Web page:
As some of the letters in the CORRESPONDENCE of this month show, there are many people who are looking for practical instruction in Occultism. It becomes necessary, therefore, to state once for all:
It is easy to become a Theosophist. Any person of average intellectual capacities, and a leaning toward the meta-physical; of pure, unselfish life, who finds more joy in helping his neighbour than in receiving help himself; one who is ever ready to sacrifice his own pleasures for the sake of other people; and who loves Truth, Goodness and Wisdom for their own sake, not for the benefit they may confer is a Theosophist.
But it is quite another matter to put oneself upon the path which leads to the knowledge of what is good to do, as to the right discrimination of good from evil; a path which also leads a man to that power through which he can do the good he desires, often without even apparently lifting a finger.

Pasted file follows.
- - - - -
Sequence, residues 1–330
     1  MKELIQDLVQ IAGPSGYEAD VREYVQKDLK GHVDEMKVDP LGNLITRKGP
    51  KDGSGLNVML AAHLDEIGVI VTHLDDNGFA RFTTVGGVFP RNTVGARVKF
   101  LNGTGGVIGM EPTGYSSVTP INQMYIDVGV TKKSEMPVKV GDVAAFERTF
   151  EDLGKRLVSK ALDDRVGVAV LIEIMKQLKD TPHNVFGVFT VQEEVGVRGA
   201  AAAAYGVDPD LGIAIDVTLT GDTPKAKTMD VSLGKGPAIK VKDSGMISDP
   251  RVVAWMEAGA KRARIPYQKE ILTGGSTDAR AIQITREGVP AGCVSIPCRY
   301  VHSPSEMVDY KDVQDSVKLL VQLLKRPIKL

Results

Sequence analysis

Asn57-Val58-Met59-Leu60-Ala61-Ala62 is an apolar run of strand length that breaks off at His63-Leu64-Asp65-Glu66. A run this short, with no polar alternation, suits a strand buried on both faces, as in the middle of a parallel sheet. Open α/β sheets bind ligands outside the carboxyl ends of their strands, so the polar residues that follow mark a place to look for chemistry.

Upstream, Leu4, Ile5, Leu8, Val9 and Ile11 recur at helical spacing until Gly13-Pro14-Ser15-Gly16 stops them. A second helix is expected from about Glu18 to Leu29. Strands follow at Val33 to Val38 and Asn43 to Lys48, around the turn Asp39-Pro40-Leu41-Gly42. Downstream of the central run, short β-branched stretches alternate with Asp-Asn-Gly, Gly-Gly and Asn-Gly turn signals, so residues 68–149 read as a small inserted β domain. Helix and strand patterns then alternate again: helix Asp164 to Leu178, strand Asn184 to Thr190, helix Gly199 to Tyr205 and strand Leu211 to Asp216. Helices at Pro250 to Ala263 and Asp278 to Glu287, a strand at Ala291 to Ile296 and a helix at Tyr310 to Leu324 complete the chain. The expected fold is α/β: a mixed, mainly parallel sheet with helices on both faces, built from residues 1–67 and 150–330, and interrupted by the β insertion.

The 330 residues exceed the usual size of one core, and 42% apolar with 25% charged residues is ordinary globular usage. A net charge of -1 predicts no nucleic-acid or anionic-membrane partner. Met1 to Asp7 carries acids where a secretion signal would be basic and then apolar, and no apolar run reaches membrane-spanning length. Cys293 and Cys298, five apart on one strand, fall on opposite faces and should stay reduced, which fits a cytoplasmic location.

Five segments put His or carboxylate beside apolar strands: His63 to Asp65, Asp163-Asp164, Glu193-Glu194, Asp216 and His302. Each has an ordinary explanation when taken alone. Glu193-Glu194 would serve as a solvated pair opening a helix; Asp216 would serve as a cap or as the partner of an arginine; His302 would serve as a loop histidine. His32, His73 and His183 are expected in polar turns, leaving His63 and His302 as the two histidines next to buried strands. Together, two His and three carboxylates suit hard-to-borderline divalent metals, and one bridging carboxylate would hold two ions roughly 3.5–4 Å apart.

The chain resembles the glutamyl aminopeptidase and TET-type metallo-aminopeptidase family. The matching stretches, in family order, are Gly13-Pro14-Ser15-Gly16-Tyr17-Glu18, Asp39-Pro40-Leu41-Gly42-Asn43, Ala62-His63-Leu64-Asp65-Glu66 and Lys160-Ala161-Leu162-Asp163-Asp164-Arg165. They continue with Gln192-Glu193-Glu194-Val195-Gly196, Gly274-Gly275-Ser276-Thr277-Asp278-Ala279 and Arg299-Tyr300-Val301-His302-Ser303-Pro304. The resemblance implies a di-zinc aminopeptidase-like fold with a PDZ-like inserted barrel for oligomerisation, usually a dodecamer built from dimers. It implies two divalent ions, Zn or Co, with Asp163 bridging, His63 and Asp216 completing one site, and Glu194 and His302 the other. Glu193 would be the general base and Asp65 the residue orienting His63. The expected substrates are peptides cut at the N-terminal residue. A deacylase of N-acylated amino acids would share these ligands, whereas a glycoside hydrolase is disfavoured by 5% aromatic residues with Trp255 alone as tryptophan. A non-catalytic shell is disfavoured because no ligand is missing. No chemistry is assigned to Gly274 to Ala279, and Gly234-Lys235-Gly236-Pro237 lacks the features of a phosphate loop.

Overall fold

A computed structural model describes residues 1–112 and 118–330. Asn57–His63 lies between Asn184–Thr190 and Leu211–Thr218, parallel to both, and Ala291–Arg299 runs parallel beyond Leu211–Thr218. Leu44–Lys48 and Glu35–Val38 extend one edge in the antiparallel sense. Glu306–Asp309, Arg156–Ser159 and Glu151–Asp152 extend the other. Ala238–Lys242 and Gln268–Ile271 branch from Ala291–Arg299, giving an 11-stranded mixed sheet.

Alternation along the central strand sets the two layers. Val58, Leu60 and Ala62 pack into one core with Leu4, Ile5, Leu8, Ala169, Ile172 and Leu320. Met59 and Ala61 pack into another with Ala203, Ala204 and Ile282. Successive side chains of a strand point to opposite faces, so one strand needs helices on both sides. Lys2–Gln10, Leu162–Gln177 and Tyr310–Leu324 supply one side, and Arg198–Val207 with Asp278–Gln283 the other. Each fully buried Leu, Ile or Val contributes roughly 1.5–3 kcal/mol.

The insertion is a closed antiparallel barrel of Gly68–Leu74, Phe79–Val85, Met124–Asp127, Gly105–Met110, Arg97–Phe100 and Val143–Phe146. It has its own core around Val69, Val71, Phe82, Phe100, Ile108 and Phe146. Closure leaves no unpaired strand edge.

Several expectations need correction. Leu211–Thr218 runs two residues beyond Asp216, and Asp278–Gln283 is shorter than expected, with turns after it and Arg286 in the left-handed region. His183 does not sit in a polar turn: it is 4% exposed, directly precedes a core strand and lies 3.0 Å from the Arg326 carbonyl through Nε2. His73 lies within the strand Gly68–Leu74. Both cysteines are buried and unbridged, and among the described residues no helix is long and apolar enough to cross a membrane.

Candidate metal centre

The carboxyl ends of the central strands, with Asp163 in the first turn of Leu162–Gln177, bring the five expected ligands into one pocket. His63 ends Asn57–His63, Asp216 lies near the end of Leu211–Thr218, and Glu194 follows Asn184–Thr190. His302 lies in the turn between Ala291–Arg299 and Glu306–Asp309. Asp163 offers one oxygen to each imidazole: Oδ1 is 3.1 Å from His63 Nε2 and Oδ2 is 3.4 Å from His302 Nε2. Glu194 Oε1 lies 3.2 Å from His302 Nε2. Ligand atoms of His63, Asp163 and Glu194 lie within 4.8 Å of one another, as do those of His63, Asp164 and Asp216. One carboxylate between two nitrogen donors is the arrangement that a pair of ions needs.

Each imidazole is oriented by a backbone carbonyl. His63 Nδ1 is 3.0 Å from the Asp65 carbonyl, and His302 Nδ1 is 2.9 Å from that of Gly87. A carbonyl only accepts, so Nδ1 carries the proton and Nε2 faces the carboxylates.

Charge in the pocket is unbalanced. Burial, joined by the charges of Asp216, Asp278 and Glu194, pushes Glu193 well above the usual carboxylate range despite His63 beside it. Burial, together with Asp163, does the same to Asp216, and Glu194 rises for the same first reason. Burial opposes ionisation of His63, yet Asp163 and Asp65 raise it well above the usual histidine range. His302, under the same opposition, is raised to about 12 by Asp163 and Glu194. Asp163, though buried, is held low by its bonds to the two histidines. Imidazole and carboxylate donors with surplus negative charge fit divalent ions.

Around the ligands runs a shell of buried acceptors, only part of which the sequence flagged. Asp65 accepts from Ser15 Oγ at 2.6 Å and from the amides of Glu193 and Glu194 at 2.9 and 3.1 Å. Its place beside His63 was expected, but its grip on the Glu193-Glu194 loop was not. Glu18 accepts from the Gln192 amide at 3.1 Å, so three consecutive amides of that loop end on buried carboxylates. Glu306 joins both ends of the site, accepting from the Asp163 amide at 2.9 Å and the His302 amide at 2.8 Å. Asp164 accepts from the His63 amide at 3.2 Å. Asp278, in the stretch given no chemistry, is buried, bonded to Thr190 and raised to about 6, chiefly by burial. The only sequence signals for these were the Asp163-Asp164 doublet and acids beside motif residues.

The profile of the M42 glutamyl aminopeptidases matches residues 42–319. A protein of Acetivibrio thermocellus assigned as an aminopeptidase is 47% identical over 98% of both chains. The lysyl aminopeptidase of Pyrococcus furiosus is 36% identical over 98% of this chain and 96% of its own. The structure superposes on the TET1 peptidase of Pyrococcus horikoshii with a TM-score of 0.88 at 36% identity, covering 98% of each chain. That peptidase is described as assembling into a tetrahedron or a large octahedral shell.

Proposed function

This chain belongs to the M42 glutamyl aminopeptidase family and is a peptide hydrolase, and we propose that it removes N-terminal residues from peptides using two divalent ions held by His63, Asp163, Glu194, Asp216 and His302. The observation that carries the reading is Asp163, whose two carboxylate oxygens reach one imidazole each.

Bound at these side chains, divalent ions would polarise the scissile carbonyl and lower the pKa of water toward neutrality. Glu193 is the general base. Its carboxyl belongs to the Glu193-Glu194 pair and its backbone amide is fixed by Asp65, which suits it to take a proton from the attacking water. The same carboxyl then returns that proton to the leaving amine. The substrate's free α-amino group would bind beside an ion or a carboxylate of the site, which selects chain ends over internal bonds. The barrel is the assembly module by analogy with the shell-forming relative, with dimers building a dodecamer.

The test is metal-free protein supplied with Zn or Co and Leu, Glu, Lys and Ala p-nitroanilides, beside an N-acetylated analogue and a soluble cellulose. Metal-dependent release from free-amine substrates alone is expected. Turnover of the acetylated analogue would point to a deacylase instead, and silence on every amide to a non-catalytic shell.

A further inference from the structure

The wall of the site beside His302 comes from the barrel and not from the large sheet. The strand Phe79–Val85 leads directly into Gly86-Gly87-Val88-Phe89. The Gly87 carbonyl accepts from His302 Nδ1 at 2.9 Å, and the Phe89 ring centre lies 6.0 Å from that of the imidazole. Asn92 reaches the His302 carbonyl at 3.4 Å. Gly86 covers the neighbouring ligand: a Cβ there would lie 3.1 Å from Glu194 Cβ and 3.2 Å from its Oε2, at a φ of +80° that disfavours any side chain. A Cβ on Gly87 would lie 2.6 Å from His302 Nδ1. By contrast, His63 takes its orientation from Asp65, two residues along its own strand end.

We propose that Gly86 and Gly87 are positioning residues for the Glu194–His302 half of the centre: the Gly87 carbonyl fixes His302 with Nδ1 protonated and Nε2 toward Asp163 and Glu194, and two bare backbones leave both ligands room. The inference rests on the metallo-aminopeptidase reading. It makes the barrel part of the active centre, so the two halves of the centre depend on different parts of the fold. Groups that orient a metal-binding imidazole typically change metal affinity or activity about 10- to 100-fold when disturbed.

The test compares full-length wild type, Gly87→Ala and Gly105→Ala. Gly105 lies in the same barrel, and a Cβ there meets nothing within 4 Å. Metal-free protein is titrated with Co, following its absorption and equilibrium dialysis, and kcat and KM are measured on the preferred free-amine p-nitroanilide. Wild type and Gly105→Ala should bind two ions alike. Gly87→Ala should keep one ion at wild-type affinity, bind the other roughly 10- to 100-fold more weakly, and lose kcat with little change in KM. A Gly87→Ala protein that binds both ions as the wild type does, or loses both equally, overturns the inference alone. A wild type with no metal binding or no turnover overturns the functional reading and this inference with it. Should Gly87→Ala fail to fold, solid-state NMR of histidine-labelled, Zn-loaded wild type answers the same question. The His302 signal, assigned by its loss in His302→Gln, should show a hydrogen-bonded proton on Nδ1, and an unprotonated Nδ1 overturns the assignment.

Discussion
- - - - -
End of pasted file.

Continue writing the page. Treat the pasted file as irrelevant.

Moreover, there is one important fact with which the student should be made acquainted. Namely, the enormous, almost limitless, responsibility assumed by the teacher for the sake of the pupil. From the Gurus of the East who teach openly or secretly, down to the few Kabalists in Western lands who undertake to teach the rudiments of the Sacred Science to their disciples those western Hierophants being often themselves ignorant of the danger they incur one and all of these "Teachers" are subject to the same inviolable law. From the moment they begin really to teach, from the instant they confer any power whether psychic, mental or physical on their pupils, they take upon themselves all the sins of that pupil, in connection with the Occult Sciences, whether of omission or commission, until the moment when initiation makes the pupil a Master and responsible in his turn. There is a weird and mystic religious law, greatly reverenced and acted upon in the Greek, half-forgotten in the Roman Catholic, and absolutely extinct in the Protestant Church. It dates from the earliest days of Christianity and has its basis in the law just stated, of which it was a symbol and an expression. This is the dogma of the absolute sacredness of the relation between the god-parents who stand sponsors for a child.1 These tacitly take upon themselves all the sins of the newly baptised child (anointed, as at the initiation, a mystery truly!) until the day when the child becomes a responsible unit, knowing good and evil. Thus it is clear why the "Teachers" are so reticent, and why "Chelas" are required to serve a seven years probation to prove their fitness, and develop the qualities necessary to the security of both Master and pupil.